Philadelphia Receives $13.5 Million In Grant Funding To Improve Birth Outcomes

The City of Philadelphia’s Department of Public Health (PDPH) and Maternity Care Coalition (MCC) were awarded together more than $13.5 million in Healthy Start grant funding by the U.S. Department of Health and Human Services.  The funding, which will be distributed over a five year period, will assist efforts to improve the health of mothers and newborns and to reduce health disparities among women across Philadelphia.  U.S. Secretary for Health and Human Services Sylvia M. Burwell announced the grant earlier this month.

“Our Administration works hard to support women and families in any way we can, whether it be focusing on birth outcomes or enacting legislation protecting a woman’s right to express breast milk in the workplace,” said Mayor Michael A. Nutter.  “I want to thank the U.S. Department of Health and Human Services for selecting our Department of Public Health and Maternity Care Coalition, a great partner to the City, for this Healthy Start grant.”

Under this grant funding, PDPH and MCC will provide guidance, home visiting and health education to pregnant women to ensure they receive the care they need to have healthy and safe births.   PDPH will serve approximately 1,000 women annually and MCC will serve 500 women in West, Southwest, North, Northeast and Northwest Philadelphia.

“Our goal is to improve the health of women and infants and address the pernicious racial disparities in these neighborhoods,” said Health Commissioner Dr. James Buehler.

Additionally, as part of the Healthy Start grant, these women will have access to family planning resources, prenatal care and pediatric care.

“We are thrilled that we’ve been selected as a grantee for this highly competitive grant enabling us to bring MOMobile services to more families.  For nearly 35 years, MCC has worked to improve the health and wellbeing of pregnant women and their babies in neighborhoods with high rates of infant mortality,” said JoAnne Fischer, Executive Director, Maternity Care Coalition.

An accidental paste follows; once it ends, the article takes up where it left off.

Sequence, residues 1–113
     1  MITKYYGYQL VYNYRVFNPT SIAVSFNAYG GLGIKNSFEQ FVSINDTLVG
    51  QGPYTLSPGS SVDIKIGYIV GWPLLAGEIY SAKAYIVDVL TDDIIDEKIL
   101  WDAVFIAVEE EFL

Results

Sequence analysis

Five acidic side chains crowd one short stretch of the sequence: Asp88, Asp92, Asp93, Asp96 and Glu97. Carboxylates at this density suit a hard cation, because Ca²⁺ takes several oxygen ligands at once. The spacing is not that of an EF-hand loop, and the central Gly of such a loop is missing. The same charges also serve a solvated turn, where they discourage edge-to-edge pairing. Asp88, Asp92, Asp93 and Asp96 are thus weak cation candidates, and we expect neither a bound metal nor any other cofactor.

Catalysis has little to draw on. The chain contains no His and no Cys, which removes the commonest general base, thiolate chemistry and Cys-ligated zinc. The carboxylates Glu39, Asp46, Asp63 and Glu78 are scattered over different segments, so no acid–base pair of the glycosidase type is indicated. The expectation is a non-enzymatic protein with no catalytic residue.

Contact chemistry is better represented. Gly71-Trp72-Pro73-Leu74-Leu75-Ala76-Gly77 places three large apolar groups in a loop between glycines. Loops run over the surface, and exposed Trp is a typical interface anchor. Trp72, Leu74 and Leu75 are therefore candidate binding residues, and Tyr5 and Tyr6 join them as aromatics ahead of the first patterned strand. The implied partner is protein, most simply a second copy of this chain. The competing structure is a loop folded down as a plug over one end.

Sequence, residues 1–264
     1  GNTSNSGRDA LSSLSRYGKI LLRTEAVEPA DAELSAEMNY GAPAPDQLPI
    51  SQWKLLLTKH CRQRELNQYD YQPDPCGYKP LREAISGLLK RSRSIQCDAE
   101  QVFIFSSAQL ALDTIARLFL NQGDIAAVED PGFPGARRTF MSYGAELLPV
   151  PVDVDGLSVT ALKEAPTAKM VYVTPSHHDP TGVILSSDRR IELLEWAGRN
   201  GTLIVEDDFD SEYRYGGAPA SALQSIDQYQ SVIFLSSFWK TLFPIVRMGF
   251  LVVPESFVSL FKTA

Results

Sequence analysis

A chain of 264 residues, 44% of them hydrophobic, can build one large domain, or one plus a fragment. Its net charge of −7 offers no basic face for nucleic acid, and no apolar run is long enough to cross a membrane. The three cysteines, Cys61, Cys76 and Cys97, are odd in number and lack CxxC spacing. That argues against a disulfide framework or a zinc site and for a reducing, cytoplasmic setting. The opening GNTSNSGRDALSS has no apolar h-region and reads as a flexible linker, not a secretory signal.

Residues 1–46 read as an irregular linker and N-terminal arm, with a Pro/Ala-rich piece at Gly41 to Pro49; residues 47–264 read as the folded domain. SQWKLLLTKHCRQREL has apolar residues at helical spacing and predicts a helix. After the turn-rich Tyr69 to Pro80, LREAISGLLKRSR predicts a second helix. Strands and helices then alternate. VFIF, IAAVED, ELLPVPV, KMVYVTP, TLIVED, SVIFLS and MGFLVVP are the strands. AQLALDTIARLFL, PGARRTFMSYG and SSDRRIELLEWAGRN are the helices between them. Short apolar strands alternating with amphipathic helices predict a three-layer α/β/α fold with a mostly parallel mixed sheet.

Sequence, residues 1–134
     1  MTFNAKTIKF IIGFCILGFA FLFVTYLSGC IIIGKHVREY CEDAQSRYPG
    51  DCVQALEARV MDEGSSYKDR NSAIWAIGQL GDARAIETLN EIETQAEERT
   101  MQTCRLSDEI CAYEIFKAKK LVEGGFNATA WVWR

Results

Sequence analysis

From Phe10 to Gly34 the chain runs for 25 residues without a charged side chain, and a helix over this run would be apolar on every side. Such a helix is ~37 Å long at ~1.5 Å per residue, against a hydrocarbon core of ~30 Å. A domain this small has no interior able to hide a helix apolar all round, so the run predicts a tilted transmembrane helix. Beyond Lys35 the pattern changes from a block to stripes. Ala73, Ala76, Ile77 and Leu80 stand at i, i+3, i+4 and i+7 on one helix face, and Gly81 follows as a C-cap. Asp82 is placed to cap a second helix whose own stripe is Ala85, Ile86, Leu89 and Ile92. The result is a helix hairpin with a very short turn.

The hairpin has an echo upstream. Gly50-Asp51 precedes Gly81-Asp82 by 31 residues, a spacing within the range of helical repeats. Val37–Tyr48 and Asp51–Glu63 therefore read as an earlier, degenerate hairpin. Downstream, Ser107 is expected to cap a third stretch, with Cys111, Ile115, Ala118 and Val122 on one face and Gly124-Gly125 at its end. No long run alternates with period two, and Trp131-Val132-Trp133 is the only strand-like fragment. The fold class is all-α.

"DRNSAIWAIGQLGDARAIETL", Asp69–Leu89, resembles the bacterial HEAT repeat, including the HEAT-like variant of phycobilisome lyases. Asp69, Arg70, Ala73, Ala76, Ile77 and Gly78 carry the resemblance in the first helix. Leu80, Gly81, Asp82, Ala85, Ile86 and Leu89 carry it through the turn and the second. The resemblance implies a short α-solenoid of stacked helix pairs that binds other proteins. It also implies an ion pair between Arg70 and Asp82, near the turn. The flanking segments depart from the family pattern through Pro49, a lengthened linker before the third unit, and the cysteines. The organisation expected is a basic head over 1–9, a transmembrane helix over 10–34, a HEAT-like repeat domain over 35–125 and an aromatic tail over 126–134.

PDPH was awarded one of only 15 Level III Healthy Start grants intended to provide leadership and mentorship to other Healthy Start sites across Pennsylvania.  In total, 33 states received Healthy Start funding.  The Healthy Start program began in 1991 and is managed by the U.S. Department of Health and Human Services, Health Resources and Services Administration.

For more information about Healthy Start, visit www.nationalhealthystart.org.

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About PDPH Division of Maternal, Child and Family Health Division

The Philadelphia Department of Public Health has become recognized nationally among urban health departments for its programs that are aimed at improving the health of women, children and families including initiatives to reduce obesity, tobacco use, and second-hand smoke exposure; and improve reproductive health. The Division of Maternal, Child and Family Health (MCFH) provides service and promotes education that address access to reproductive health services and knowledge of effective parenting practices. These programs aim to improve the health of women, nurture child and adolescent development and enhance resiliency. Integral to all MCFH’s activities is a focus on reducing racial and economic health disparities. Combined, these efforts aim to result in healthier families whose children will become adults capable of strengthening communities throughout Philadelphia.

About Maternity Care Coalition

Founded in 1980, Maternity Care Coalition (MCC) focuses on improving the health and wellbeing of pregnant women, parents, and young children. Its comprehensive approach includes public policy, research, and services for families. Since its founding MCC has touched more than 95,000 families throughout Southeastern Pennsylvania, focusing particularly on neighborhoods with high rates of poverty, infant mortality, health disparities, and changing immigration patterns.

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